Zombies in the Archives

The Wayback Machine, a project of the Internet Archive.

It’s been widely noted that the typical website lasts roughly three to five years. One of the goals of SUP’s Mellon grant is to mitigate that inevitability by exploring a range of preservation approaches for the web-based works we’re publishing. While documentation is a necessary component of archiving digital content, an ideal archive would also offer readers the ability to fully experience the interactive qualities of a digital scholarly work. So I’ve spent the past week learning about what some people are doing to make digital content accessible, even after its three-to-five year countdown has expired.

Just as last week’s blog post on documentation was going live, I was checking in at the 2017 Joint Conference on Digital Libraries, a meeting with a heavy focus on web archiving. If documentation offers a way to chronicle the experience of interacting with digital content that is no longer accessible, web archiving seeks to capture a snapshot of a website, even if it’s not quite as interactive as the original. Take, for example, the Wayback Machine, a project of the Internet Archive that crawls websites and records them so that readers can ostensibly visit a version of a webpage as it appeared on a specific date in history. It’s an important resource, especially at a time when information can disappear overnight, as if it never existed.

A Wayback Machine capture of whitehouse.gov on October 31, 2016 and the live site as of June 25, 2017.

At first glance, web archiving appears to be the perfect solution to capturing and saving web-based content. But it has its limitations. As a solution for preserving our digital projects, it’s still too unreliable. Its weak point is JavaScript, a programming language powering just about every active website on the internet today. JavaScript is considered one of the three fundamental building blocks of the web, along with HTML and CSS. It’s what makes web content interactive and dynamic. And while some publishers understandably might opt to limit authors’ use of dynamic JavaScript because of the difficulty it presents to web archiving tools, we’re more interested in challenging web archiving entities to improve their crawlers’ ability to handle JavaScript.

At first glance, web archiving appears to be the perfect solution to capturing and saving web-based content. But it has its limitations.

I was happy to hear from a couple of different presenters at the Digital Libraries conference that they’re working on just that (check out the conversation at #JCDL2017 on Twitter). For example, developers are writing scripts to prevent “zombies” from appearing in archived content. Zombies are anachronistic pieces of content, like ads, that are generated on an archived webpage by JavaScript. The glitch happens when an archived site pulls that extra content from current databases rather than the historic material that would have appeared on the site at the time it was captured. A popular example used by two different presenters at the conference was the news coverage of the 2008 presidential campaign. Although the news story headline and blurb is a recorded capture of the site as it appeared on that day, the ads generated by the JavaScript referenced events that hadn’t taken place yet when the site was captured. The fix lies in additional scripts implemented in the crawling process.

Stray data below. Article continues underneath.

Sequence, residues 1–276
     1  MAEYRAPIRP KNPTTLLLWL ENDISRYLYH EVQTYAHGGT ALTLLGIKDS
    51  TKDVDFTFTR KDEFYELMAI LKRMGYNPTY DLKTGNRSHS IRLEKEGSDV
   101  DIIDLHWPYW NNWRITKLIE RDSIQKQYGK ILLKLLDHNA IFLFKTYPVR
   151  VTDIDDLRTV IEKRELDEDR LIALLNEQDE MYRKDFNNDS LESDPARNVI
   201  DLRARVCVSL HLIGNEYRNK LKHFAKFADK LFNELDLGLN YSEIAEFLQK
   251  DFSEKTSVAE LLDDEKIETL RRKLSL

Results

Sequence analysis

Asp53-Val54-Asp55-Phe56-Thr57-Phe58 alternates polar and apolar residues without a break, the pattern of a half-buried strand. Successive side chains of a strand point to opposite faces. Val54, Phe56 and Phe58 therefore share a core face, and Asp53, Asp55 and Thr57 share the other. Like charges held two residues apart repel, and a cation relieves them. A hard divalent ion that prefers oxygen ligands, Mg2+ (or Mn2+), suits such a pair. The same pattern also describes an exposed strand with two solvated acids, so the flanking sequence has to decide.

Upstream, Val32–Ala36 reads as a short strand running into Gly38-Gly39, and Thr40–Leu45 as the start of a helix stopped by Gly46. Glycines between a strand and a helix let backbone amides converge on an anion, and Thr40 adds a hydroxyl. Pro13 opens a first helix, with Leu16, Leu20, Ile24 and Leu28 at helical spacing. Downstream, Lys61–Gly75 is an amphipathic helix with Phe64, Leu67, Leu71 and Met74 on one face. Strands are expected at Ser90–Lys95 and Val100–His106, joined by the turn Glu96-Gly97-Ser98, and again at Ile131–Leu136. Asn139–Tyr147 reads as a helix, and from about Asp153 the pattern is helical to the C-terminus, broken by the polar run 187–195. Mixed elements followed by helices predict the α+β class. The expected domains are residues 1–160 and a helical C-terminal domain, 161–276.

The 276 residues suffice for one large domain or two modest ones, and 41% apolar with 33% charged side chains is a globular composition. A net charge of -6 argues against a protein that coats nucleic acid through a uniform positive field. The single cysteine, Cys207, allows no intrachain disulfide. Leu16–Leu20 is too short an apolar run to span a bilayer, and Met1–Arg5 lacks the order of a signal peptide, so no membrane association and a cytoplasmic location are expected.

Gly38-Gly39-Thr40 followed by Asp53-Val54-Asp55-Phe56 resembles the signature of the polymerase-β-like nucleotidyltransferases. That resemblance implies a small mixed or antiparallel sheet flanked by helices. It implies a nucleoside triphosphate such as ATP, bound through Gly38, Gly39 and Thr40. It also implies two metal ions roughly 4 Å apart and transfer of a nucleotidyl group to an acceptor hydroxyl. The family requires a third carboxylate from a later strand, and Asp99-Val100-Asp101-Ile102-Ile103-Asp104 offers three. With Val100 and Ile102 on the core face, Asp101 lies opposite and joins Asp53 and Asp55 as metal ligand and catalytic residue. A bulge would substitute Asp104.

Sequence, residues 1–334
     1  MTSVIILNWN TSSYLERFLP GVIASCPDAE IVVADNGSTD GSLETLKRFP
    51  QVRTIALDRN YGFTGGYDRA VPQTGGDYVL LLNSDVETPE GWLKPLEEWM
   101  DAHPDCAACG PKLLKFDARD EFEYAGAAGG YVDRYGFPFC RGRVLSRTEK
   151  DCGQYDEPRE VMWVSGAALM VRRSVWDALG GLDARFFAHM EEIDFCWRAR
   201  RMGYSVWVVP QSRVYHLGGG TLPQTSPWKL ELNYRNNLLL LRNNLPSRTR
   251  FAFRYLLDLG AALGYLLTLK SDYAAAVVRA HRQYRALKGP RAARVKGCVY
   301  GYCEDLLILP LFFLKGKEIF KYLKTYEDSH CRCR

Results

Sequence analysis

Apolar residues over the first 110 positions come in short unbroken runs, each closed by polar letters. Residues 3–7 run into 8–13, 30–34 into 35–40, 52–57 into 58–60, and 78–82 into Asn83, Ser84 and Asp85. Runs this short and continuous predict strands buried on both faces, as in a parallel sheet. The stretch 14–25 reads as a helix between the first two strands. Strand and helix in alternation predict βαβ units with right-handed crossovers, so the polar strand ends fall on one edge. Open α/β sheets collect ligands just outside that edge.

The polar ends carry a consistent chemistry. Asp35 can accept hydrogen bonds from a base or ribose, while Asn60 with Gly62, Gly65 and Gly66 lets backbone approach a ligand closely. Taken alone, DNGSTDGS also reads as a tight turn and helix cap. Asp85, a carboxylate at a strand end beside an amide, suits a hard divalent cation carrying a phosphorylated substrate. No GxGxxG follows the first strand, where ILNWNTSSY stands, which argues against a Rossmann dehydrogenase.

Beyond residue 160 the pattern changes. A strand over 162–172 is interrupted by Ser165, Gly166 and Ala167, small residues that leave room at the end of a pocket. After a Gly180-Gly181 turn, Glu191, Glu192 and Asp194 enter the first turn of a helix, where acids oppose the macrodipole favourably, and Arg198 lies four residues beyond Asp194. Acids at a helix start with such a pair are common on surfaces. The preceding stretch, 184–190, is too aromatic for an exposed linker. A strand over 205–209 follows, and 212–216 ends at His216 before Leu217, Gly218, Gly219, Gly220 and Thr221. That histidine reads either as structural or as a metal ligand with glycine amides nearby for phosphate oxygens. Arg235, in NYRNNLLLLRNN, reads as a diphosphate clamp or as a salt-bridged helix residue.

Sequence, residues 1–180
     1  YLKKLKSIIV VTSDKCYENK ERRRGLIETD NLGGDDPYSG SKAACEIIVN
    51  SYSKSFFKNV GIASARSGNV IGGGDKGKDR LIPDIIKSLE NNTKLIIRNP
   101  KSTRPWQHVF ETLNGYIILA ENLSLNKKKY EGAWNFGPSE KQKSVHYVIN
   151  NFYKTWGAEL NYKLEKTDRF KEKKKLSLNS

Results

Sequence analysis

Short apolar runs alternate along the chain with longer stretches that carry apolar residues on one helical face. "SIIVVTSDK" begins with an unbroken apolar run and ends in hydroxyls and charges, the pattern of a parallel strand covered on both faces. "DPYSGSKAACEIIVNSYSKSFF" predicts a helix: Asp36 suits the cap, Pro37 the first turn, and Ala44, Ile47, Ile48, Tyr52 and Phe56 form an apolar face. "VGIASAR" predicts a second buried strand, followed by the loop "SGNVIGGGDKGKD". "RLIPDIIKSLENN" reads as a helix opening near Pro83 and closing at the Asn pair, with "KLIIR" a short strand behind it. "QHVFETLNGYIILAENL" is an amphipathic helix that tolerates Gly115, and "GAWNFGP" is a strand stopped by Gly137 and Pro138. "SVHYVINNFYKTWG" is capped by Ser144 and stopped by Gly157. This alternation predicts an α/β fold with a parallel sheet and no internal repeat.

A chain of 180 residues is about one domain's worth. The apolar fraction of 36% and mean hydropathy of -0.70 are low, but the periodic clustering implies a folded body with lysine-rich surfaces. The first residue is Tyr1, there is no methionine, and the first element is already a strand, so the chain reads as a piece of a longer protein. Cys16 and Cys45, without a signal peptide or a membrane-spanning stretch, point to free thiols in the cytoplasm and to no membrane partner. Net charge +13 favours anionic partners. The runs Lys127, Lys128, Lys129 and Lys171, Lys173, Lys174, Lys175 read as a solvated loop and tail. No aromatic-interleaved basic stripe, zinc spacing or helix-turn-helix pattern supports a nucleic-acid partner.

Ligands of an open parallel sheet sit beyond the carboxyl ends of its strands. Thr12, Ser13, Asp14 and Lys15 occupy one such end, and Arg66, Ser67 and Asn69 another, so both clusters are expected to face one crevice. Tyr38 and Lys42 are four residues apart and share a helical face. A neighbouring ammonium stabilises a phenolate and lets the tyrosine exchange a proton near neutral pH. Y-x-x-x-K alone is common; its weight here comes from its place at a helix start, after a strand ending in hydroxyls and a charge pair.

The big focus still seems to be on accurately capturing news, social media content, and scientific data for historical reasons, and rightly so. It’s becoming more important than ever to ensure history and science are not manipulated, misrepresented, or altogether deleted. Hopefully, the advancements being made in web archiving will continue and can also benefit the scholarly content we’re publishing so that academic perspectives and arguments are preserved along with cultural and scientific data. Scholarly discourse is happening online, and it isn’t just CNN and Twitter that need to be recorded. We also need to capture and preserve the voices that are interpreting, analyzing, and making sense of this content, and publishing their insights in digital formats.


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